My mom was also a gifted teacher. Although she never taught full time, she used her talents almost constantly in her church service. She taught children’s classes, young women’s classes, women’s classes, and Sunday School classes, but I think she loved teaching the scriptures best. She taught a daily early morning scripture study class for teenagers for at least five years. My younger sister remembers spending evenings with mom at the dining room table, doing homework while my mom immersed herself in the scriptures, preparing for her seminary class the next day. She loved her students, and they loved her, going so far as to spend their weekend nights at my parents’ house to hang out. As Jeff, one of her favorite students, said, “She was one of us.”

Perhaps her greatest gift was her genuine interest in people. One of my friends wrote me a card this week saying, “I only met your mom a few times, but she made me feel like a friend.” She did that for everyone. My mom made fast friends wherever she went, because she genuinely cared about people, and was more interested in how they were doing than in how she was doing. My mom helped to carry the burdens of many people.

My mom was accomplished in many other ways as well, but her greatest accomplishments in her eyes were her children. She was devoted to us. She loved to laugh and have fun. We played spoons, Uno, fruit basket upset, Clue on her beloved Franklin Mint Clue board, and even had an occasional food fight, some of which she started. She liked to keep us on our toes, doing things like sneaking broccoli into our filled pancakes. She scheduled regular individual meetings with each of us, called “one on ones” where we talked about problems, set goals, and planned special individual outings.

She taught us to play the piano, to work, to stand up straight, and to say “may I” instead of “can I.” She taught us to make good choices and she wanted us to stay close to the Lord, but she loved us even when we didn’t. When we left home, we all had inflated egos because she told us we were each “the best in the world” at something (I was the best writer, SJ was the most creative).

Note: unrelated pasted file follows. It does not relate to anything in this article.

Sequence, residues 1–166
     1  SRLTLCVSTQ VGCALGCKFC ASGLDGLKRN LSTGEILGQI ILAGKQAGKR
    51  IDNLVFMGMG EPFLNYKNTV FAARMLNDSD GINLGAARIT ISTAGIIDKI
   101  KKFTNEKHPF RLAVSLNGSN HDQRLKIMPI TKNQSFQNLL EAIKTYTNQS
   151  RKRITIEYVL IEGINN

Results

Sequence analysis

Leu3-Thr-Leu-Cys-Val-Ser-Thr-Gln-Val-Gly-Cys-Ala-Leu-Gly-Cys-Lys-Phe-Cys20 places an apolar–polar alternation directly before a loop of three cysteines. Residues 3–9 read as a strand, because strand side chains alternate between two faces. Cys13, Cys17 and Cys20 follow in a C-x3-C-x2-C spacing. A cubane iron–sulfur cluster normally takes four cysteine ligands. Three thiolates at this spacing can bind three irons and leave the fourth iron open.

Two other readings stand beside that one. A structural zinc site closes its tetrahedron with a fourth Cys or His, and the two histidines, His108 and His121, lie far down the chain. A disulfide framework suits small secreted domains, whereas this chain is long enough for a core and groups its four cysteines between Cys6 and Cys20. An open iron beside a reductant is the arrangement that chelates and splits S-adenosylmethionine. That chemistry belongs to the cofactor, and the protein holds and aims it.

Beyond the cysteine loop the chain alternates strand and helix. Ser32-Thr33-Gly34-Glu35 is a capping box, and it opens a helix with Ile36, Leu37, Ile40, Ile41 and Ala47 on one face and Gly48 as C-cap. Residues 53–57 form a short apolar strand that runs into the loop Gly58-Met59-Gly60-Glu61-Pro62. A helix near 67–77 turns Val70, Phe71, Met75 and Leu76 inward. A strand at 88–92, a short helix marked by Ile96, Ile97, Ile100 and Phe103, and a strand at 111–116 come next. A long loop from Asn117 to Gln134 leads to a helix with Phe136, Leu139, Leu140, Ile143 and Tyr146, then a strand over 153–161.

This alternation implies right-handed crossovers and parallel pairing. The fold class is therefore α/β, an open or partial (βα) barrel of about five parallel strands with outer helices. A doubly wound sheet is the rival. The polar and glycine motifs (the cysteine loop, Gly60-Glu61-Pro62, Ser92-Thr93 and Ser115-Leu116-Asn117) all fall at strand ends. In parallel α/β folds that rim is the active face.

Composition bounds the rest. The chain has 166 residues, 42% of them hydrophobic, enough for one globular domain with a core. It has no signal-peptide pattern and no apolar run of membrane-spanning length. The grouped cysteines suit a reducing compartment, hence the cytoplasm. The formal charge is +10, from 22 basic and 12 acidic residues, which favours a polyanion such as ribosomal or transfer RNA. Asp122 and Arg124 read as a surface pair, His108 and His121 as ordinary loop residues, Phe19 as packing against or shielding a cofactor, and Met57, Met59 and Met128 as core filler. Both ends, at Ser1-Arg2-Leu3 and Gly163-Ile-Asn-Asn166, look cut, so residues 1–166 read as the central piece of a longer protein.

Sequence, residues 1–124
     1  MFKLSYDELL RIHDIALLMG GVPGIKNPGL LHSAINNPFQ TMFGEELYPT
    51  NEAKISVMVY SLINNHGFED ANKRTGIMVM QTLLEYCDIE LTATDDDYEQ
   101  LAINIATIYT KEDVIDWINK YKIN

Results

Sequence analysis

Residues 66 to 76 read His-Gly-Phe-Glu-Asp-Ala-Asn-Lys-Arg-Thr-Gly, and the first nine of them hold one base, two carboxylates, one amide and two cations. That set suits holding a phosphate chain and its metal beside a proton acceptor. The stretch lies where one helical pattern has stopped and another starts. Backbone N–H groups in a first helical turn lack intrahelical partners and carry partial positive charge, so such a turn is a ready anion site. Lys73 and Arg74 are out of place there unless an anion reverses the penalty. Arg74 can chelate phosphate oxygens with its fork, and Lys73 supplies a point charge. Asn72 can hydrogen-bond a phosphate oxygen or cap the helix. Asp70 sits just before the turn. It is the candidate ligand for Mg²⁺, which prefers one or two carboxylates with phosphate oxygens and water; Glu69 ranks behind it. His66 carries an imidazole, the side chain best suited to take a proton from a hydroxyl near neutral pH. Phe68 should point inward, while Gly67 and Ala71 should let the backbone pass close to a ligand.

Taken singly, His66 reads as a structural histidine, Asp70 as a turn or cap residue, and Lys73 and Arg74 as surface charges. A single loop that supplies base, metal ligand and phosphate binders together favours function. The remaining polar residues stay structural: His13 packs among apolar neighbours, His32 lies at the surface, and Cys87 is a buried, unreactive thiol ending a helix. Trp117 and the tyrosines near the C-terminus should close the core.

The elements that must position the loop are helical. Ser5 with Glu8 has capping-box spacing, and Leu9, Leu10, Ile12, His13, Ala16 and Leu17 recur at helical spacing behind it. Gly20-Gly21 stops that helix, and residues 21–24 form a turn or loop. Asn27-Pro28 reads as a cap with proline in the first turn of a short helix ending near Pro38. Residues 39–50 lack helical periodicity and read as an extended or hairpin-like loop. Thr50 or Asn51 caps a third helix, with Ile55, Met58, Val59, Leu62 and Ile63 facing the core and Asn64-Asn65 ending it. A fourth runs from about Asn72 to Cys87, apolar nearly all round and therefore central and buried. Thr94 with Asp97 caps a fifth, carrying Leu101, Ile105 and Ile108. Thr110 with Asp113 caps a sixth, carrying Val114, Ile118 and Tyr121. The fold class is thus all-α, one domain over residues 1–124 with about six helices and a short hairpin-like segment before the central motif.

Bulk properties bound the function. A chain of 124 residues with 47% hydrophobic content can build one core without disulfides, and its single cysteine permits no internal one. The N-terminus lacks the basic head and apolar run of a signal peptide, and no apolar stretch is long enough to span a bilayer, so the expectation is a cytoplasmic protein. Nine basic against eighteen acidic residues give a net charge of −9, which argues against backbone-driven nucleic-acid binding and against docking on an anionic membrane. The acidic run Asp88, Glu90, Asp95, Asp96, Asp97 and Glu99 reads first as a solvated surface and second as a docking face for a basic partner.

Her job as a parent was not over when we left the house. My mom loved to visit her children, helping to take care of new babies, babysitting grandkids while we went on trips, and helping us do projects around our homes. Over the last several years, her heart’s desire was to help me and my family as my husband fought his battle with cancer. This is an email she wrote shortly after my husband Mat passed away earlier this year.

… I’ve spent a month in Boston in January-February, was with her [meaning me] when Mat died. It was the best and worst month of my life. My kids have all spent a week with her after the funeral, and I’ll be returning in two weeks. This is so very, very difficult to be a continent apart.

One of the greatest gifts I could have been given was to have my mom with me as my husband was dying, and I find it to be no small miracle that the symptoms of her own cancer did not surface until shortly after Mat’s funeral.

My mom was wonderful, but I didn’t always think she was perfect. I sometimes wished that she were more inclined to make big moves or really shake things up. She worked at Intel for at least 20 years as a contract analyst, and although she loved the people she worked with, it wasn’t the best use of her talents. She often talked about other things she would have liked to do more – she earned a teaching license so she could be a teacher – but in the end she never made the move. If you wanted to start a revolution, she was not your gal.

Instead of being loud, hers was a subtle kind of courage. She took the circumstances she was given, and over years of persistent effort, through thousands of small acts, she made them beautiful. At the end of her life, she had beautiful children (if I do say so myself), a beautiful marriage, a beautiful home, and many, many beautiful friendships. With more inclination to make big moves, she might have been the New York bureau chief for the Associated Press. Instead, she blessed the lives of hundreds and hundreds of people through regular, conscientious, enduring effort.

I’m glad she had that kind of courage. New York bureau chiefs can be replaced, but her legacy is forever.